Simon Cordier is a well-respected magistrate who visits a condemned prisoner, Louis Girot, just before the man's execution. Girot again pleads his innocence insisting that he has been taken... See full summary »
Reginald Le Borg
Dr. Cross, a psychiatrist, is treating a young woman, Janet Stewart, who is in a coma-state, brought on when she heard loud arguing, went to her window and saw a man strike his wife with a candlestick and kill her. As she comes out of her shock, she recognizes Dr. Cross as the killer. He takes her to his sanitarium and urged by his nurse/lover, Elaine Jordan, gives Janet an overdose of insulin. But he can't bring himself to murder her in cold blood and asks Elaine to get the medicine to save her. She refuses, they argue, and he strangles her. He saves Janet's life, but now faces two murder charges. Written by
Les Adams <email@example.com>
Psychiatric villainy in an old-dark-house sanitarium, starring evildoers Price and Bari
At first, Shock looks like it should be assigned to the `Oneiric' Wing of forties film noir, but soon comes to occupy a niche in the Evil Psychiatry Wing instead. Anabel Shaw checks into a San Francisco Hotel awaiting her serviceman husband. Bad weather has delayed him, so, instead of curling up with a cozy mystery, she witnesses a murder from the balcony of her suite. Next morning, her husband finds her in a state of complete catatonia. A psychiatrist (Vincent Price) is summoned, who turns out to be none other than the murderer.
Checking sight angles from the balcony to his apartment across the way, Price realizes that Shaw's trancelike state no doubt stems from her seeing him take a candlestick to his older, inconvenient wife. He whisks her off to that chamber of horrors, his Private Sanitarium, to find out what she remembers. He and his accomplice/mistress Lynn Bari devise a scheme to make Shaw, and everyone else, think she's delusional that she views everyone as a murderer. Meanwhile, however, a fluke of circumstance leads the police to reopen the case of Price's wife, whose death had been contrived to look accidental. Next, Price and Bari escalate their therapy to dangerous insulin-shock treatments....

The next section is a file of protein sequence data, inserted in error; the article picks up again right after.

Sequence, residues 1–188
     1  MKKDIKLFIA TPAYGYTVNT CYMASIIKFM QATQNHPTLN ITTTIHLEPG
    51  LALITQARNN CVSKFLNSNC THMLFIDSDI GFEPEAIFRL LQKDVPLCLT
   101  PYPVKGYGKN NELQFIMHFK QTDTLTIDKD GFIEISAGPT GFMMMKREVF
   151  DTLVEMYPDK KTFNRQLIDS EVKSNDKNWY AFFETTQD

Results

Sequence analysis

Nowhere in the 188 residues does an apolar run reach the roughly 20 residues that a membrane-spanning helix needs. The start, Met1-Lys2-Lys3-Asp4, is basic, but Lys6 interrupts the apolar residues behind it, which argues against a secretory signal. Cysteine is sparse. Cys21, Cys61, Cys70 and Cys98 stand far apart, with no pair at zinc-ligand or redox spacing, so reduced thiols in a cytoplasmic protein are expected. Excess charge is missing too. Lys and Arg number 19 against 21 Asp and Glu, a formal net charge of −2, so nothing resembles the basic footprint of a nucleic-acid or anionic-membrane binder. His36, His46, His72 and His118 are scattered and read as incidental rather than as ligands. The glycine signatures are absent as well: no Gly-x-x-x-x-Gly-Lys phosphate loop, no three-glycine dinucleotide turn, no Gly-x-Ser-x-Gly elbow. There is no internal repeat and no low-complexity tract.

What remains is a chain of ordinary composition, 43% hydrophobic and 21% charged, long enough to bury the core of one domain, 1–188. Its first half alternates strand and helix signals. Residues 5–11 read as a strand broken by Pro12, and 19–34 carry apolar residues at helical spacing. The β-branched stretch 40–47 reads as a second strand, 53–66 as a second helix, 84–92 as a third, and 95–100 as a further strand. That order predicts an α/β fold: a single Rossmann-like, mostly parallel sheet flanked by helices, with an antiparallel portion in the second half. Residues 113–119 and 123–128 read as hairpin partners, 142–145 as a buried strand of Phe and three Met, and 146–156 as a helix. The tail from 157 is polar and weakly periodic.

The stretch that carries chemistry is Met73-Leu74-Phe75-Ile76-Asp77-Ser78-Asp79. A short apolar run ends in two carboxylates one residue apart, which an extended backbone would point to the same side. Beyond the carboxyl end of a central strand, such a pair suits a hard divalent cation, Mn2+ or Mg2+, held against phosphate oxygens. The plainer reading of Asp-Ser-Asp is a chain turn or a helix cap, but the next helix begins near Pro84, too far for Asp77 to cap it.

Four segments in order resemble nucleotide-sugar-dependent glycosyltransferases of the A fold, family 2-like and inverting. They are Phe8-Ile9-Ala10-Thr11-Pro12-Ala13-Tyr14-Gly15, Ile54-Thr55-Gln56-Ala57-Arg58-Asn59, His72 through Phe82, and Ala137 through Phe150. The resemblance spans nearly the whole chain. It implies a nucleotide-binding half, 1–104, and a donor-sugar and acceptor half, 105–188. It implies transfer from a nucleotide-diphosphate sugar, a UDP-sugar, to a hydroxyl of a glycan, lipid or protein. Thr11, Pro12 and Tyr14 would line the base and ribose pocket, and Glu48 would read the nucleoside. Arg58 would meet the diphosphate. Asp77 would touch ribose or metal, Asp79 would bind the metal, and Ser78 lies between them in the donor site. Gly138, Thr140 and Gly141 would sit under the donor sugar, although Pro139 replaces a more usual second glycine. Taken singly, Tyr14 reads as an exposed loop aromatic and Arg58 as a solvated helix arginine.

Price glides through his role with the disdainful urbanity that was his trademark in the morning of his career; interestingly, though, the plot turns on his having some shreds of conscience, or at least professional ethics, after all. The same can't be said of Bari as the Lady Macbeth of the piece; what can be said is that there should be more of her. She hits her peak during a violent nocturnal thunderstorm, when a menacing patient slips out of his room and into Shaw's. It really does turn the sanitarium into a chamber of horrors.
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